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Eigen question

  1. May 23, 2007 #1
    1. The problem statement, all variables and given/known data

    For which real numbers c and d does the matrix have real eigenvalues and three orthogonal eigenvectors?

    120
    2dc
    053

    2. Relevant equations

    im having trouble getting started on this one.

    Ive tried using solving for the eigenvalues pretending that c and d are constants but that doesnt seem to help any. Can anyone nudge me in the correct direction.



    3. The attempt at a solution
     
  2. jcsd
  3. May 23, 2007 #2

    Dick

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    If the matrix has real eigenvalues and three orthogonal eigenvectors, then the corresponding linear transformation is self-adjoint. What does that mean in terms of its matrix representation?
     
    Last edited: May 23, 2007
  4. May 23, 2007 #3
    so... would I find the co-factor matrix of

    123
    2dc
    053

    take the transpose to find the adj.

    which I did actually.

    new values aprear in the d c spots.... it is its own adjoint so those would be the fill in values?

    I think im off track
     
  5. May 23, 2007 #4

    Dick

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    Not the adjugate, the adjoint. The conjugate transpose. You are making this much harder than it should be.
     
  6. May 24, 2007 #5
    I dont know why this one is so hard for me...
    does this have to do with the real spectral theorem?
     
  7. May 24, 2007 #6

    Dick

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    It's the converse of the spectral theorem. The spectral theorem says that if an operator has a certain property then its eigenspace has a certain property. This problem says if the eigenspace has a certain property then the operator has a certain property. If you write the linear transformation corresponding to the matrix as M, then self adjoint means (Mx).y=x.(My). Can you show thats true in this case? What might that have to do with a certain matrix being hermitian?
     
  8. May 24, 2007 #7
    I dont think that I've seen the operations the way that showing them...
    I do see something now though.

    Wont the matrix

    120
    2dc
    053


    have to be

    120
    2d5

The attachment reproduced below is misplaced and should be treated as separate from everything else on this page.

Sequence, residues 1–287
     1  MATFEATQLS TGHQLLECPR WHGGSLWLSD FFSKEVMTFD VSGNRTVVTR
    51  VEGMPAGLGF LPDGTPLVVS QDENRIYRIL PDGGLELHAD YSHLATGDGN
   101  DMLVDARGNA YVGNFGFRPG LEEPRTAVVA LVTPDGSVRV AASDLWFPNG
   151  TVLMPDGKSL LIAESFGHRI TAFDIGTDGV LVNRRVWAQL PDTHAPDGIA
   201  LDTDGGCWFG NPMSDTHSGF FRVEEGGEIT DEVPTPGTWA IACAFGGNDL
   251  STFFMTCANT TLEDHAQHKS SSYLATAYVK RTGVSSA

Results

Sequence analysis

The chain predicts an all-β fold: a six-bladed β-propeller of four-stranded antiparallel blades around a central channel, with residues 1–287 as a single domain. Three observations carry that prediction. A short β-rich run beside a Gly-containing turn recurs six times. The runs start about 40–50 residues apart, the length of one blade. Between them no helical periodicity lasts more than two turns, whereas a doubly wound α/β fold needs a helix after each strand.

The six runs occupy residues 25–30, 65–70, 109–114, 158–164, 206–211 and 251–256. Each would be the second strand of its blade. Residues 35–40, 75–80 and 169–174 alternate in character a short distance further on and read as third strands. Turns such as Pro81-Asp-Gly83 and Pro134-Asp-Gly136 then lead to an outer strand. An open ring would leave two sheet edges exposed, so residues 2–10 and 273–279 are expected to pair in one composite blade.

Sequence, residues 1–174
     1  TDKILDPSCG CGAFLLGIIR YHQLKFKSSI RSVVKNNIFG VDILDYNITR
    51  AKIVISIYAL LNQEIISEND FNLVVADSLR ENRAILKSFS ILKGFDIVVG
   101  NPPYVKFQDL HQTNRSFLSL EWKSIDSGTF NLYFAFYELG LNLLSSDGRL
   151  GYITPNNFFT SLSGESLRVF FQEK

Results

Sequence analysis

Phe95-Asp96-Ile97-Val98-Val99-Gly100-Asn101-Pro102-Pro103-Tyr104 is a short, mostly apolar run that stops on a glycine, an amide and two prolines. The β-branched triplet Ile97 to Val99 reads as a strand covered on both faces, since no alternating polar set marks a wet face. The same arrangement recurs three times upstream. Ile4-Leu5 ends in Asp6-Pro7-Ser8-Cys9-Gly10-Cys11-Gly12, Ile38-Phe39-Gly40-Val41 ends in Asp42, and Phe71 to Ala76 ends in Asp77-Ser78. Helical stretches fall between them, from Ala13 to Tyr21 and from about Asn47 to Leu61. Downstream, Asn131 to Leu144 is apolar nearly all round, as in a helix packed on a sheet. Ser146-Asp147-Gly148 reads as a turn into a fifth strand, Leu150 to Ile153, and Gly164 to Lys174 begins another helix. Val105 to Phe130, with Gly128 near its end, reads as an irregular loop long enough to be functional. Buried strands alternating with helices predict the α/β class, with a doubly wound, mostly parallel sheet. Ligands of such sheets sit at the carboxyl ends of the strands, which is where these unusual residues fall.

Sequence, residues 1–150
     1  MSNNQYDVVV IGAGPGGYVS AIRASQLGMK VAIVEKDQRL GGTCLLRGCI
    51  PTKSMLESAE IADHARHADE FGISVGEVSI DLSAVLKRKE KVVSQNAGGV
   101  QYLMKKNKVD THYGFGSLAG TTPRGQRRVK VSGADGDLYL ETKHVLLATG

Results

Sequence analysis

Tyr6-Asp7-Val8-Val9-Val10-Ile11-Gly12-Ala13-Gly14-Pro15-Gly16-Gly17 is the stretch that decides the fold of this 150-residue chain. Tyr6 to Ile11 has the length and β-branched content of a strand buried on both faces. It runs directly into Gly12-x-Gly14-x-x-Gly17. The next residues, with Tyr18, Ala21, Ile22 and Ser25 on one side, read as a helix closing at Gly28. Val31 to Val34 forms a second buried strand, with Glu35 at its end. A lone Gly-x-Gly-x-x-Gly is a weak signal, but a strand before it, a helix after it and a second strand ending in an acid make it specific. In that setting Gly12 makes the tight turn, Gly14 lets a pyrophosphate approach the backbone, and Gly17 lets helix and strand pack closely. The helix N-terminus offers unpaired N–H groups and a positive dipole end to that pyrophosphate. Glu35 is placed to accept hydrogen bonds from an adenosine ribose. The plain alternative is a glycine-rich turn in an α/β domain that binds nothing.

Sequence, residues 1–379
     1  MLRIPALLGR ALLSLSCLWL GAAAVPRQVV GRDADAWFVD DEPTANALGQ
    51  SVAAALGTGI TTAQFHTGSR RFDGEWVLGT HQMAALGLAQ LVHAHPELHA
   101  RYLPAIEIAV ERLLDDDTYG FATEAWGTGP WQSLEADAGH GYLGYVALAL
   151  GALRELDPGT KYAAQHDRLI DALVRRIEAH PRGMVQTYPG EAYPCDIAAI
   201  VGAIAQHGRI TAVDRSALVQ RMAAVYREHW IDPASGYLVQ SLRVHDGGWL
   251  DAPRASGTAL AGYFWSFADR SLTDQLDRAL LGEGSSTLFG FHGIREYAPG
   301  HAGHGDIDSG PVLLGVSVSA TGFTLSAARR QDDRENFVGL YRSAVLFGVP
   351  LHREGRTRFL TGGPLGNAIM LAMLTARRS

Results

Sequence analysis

053

    It will have to symetric?

    I dont see how to find d besides by trying different d until the found eigenvectors are orthogonal. Any real number choice for d should give real eigenvalues by the spectral theorem?
     
  9. May 24, 2007 #8

    Dick

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    Correct. Any real choice for d will work.
     
  10. May 24, 2007 #9
    That easy?

    120
    205
    053

    120
    215
    053

    120
    225
    053

    120
    235
    053

    will all have orthogonal eigenvectors?

    I'll try a few to see if it works.
     
  11. May 24, 2007 #10

    Dick

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    You don't trust the spectral theorem? That's healthy skepticism! Check away.
     
  12. May 24, 2007 #11
    One more question... is it possible to choose d so that one of eigenvalues is repeated makeing it so there are not actually three othogonal eigenvectors. Because I want to say right now that any choice of d will work.
     
  13. May 24, 2007 #12
    I appreciate the help on this one... thanks'a bunch
     
  14. May 24, 2007 #13

    Dick

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    A repeated eigenvalue does not mean you don't have three orthogonal eigenvectors. The zero matrix has them. Take (1,0,0), (0,1,0) and (0,0,1). They are orthogonal and all have eigenvalue 0. You're welcome!
     
  15. May 24, 2007 #14
    nice.....

    even if it wasnt so, gram-schmidt could make them into orthonormal set I suppose.
     
  16. May 24, 2007 #15

    Dick

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    Yes. The problem comes with matrices like [[1,1],[0,1]]. 1 is a double eigenvalue - but there is only one linearly independent eigenvector.
     
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